1. Optimism/Pessimism Bias

We have a tendency to overestimate the likelihood of positive outcomes, particularly if we are in good humor, and to overestimate the likelihood of negative outcomes if we are feeling down or have a pessimistic attitude.(3)

  1. The Backfire Effect

This refers to the strengthening of a belief even after it has been challenged. Because we don’t like change and don’t want to be perceived as wrong, we may hold on tighter than ever before to an idea.

  1. In-group Bias

This bias refers to the unfair favoring of someone from one’s own group. We might think we’re unbiased, impartial and fair, but we all succumb to this bias. This bias can be considered an advantage—favoring and protecting those similar to us, particularly with respect to kinship and the promotion of one’s own group.(3)

Awareness does not guarantee a change in behavior

There is no quick fix for unconscious bias. Pamela Newkirk, New York University professor and author of Diversity, Inc writes:

“Quick fixes like unconscious bias training or climate surveys—no matter how expertly administered—cannot begin to address, let alone repair, the damage of centuries of demeaning images of racial, ethnic and religious minorities still perpetuated in film, on television, in advertising, news outlets, on museum walls, public iconography, and, indeed at every level of our educational system.”(4)

In some cases, unconscious bias training has increased defensiveness, reinforced stereotypes, and contributed to stonewalling in organizations, all of which has ultimately been expressed through anger and resentment.(5)

Unconscious bias training alone can backfire, but there’s a solution: the development of cultural intelligence.

Cultural intelligence does change behavior. It’s the ability to recognize and appreciate another’s perspective and adapt our behavior to show genuine respect toward different cultural practices and perspectives.

So how can a leader develop an organization’s cultural intelligence and lessen the impact of unconscious bias in their organization?

What’s a leader to do?

If you’re reading this blog, you care about equality in your organization. As the leader, you have enormous insight and expertise about how the organization works for people like you. So you can:

  1. Recognize that equality or “fairness” is one of the most powerful shared beliefs in American culture—that belief that everyone should have a fair shot at life and be rewarded for what they’ve achieved.(6)
  2. Learn what it’s like for people who are different from you and make sure they have a positive experience in the organization.
  3. Hold monthly Listening Circles(7).
  4. Model the understanding that we all have different experiences,
  5. Encourage colleagues to listen and get more information rather than making and acting on assumptions about people’s experience.

What happened with Russ?

The next day I ran into Russ.

Russ: “Guess what?! I’ve got good news. I called the restaurant.”

Amy: “Cool! So, what happened?

Russ: “I asked to speak with the manager. When she came on the line, I told her what happened. She told me that the store was in the middle of a turnaround and that she needed more evidence to make her case that customer service needed to improve. She told me she would start working with the teenagers today. She said she was grateful I called and wanted me to come back to the restaurant and have dinner on them. You know, I wouldn’t have called if you hadn’t encouraged me.”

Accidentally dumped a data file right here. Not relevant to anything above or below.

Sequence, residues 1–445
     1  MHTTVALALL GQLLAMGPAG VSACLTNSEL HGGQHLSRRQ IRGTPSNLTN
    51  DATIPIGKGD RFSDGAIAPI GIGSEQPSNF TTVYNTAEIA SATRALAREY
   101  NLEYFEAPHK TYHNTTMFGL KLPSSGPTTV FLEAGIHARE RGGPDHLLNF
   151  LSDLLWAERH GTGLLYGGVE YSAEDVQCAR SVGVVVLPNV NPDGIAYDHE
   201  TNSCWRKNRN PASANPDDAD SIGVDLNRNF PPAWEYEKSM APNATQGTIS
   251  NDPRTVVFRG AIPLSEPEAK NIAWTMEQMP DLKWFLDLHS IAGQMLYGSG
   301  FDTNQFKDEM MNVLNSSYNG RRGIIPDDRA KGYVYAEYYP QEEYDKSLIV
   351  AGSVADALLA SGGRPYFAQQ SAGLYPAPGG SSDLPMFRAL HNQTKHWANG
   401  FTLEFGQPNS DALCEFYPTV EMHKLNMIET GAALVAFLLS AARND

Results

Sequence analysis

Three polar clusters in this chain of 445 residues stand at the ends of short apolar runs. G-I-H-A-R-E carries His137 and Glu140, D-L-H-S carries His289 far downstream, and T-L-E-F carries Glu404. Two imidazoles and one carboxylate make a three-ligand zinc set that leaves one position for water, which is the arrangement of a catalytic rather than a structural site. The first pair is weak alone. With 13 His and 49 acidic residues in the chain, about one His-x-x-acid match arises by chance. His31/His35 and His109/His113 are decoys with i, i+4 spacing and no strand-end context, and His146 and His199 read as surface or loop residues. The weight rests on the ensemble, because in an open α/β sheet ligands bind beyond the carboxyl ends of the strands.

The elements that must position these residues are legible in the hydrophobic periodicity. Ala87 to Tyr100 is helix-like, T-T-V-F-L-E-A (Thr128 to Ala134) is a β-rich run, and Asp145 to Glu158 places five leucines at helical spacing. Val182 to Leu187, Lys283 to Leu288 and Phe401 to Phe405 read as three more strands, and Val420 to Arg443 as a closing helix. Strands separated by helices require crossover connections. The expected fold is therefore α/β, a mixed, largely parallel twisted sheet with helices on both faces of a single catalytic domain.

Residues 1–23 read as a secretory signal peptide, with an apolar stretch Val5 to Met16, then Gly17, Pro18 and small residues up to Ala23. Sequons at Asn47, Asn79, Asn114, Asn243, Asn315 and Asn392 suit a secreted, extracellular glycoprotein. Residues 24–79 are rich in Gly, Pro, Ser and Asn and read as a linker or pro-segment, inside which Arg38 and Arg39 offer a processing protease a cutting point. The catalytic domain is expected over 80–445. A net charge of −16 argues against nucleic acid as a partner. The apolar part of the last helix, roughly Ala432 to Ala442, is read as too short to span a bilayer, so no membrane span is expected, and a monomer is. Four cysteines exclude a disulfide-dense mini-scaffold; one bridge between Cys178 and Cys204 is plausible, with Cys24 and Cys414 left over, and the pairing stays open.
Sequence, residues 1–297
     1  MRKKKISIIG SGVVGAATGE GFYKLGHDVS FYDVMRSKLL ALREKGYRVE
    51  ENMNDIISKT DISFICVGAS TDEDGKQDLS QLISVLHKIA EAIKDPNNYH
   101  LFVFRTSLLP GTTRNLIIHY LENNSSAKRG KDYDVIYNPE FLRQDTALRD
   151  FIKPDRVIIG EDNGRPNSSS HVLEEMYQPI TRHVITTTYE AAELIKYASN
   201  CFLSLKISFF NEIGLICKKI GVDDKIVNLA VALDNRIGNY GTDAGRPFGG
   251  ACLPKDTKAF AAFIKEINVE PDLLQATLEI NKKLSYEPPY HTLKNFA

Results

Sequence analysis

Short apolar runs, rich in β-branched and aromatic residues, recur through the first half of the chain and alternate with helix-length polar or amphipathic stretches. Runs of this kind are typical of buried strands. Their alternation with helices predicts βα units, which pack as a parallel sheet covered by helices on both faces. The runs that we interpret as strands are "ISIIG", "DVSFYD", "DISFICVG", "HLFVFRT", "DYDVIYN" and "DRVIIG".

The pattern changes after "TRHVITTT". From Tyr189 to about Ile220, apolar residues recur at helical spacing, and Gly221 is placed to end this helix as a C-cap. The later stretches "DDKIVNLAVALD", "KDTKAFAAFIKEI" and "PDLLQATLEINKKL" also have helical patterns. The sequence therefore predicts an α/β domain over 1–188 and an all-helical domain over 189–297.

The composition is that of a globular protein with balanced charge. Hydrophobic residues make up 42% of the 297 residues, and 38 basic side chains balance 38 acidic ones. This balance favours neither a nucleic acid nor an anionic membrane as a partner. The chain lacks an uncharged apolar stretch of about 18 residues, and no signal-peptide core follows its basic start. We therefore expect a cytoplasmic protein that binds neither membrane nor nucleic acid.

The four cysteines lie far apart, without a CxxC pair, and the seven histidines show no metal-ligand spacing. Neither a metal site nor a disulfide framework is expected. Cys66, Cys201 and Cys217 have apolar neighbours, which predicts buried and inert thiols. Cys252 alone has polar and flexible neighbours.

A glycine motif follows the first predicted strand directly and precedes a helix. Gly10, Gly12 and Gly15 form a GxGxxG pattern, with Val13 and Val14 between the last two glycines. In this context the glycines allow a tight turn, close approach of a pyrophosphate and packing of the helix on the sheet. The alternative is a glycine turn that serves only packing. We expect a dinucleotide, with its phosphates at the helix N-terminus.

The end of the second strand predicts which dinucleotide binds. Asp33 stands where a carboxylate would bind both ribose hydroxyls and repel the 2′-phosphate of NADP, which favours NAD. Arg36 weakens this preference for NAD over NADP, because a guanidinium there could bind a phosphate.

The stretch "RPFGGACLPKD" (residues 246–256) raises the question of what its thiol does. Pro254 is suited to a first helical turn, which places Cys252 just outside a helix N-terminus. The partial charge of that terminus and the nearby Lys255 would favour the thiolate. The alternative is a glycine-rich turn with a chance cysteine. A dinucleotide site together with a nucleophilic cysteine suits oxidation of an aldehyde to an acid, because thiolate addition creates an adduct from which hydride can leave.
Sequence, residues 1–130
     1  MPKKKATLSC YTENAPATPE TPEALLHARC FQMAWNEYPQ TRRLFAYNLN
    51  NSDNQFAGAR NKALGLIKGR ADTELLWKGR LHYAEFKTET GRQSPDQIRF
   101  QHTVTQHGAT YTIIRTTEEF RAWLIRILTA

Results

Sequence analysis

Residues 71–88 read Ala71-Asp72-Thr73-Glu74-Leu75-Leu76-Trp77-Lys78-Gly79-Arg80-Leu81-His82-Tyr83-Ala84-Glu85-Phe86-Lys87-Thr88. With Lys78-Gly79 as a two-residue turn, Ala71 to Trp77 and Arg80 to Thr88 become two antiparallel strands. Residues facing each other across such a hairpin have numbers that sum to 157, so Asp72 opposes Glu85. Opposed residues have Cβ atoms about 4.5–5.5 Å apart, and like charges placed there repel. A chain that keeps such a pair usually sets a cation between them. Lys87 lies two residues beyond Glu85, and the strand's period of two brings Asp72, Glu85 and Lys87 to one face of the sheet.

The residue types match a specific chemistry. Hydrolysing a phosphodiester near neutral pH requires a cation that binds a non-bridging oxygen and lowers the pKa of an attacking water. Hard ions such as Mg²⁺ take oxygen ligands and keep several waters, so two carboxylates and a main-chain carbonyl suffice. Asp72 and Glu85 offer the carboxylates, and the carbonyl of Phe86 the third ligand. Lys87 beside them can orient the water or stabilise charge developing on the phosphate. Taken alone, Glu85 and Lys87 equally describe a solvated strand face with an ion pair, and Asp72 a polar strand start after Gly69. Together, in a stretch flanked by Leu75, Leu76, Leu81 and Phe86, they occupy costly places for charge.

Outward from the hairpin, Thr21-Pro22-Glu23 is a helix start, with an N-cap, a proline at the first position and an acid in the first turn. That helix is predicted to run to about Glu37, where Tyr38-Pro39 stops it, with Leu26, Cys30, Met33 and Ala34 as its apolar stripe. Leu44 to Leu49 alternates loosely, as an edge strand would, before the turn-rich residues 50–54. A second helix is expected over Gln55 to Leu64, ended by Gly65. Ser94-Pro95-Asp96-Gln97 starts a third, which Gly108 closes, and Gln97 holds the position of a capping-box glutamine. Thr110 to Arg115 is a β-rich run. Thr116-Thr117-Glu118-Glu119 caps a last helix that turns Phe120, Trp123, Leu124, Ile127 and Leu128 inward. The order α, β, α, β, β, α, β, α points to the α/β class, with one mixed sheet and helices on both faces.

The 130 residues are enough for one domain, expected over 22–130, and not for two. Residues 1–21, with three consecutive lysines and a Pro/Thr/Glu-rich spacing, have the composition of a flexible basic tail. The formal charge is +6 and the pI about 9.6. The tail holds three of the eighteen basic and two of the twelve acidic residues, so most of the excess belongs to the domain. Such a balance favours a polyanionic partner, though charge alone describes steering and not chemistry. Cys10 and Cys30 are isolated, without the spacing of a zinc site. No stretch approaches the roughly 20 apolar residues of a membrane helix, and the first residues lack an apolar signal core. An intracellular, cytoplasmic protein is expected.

Amy: “I’m glad I could help. Though I made a suggestion; you were the one with the courage to call and find out more information. Well done!”

Russ: Thank you.

What we know now

Half of publicly traded companies in the United States have held some variation of unconscious bias training; however, unconscious bias training without cultural intelligence does not guarantee a change in behavior for the better. To be effective, training must matter to the people at the top. And then without shame or blame, organizations can train their employees to see how unconscious bias inadvertently hinders productive conversations and actions. To work, employees need to be offered the opportunity to be empowered to engage in compassionate, respectful and regular cross-cultural conversations, thus, increasing productivity, collaboration, and innovation for everyone in the organization.  –Amy S. Narishkin, PhD


  1. Banaji, M. & Greenwald, A. (2013) Blindspot: Hidden Biases of Good People. New York: Delacorte Press.
  2. Heick, T. (Oct 14, 2019) Teach Thought. “The cognitive bias codex: A visual of 180+ cognitive biases.”
  3. Dwyer, C. (Sept 7, 2018) Psychology Today. “12 common biases that affect how we make everyday decisions.”
  4. Newkirk, P. (2019) Diversity, Inc., New York: Bold Type Books.
  5. Storey, S. (Jan 15, 2017) Huffington Post. “Unconscious bias—making millions from theory.”
  6. Zheng, L. (October 28, 2019) Harvard Business Review. “How to show white men that diversity and inclusion efforts need them.”
  7. Itzchakov, G & Kluger, A. (May 17, 2018) Organizational Dynamics. “The listening circle: A simple tool to enhance listening and reduce extremism among employees.”
  8. Narishkin, A (2020) Hear Me Now?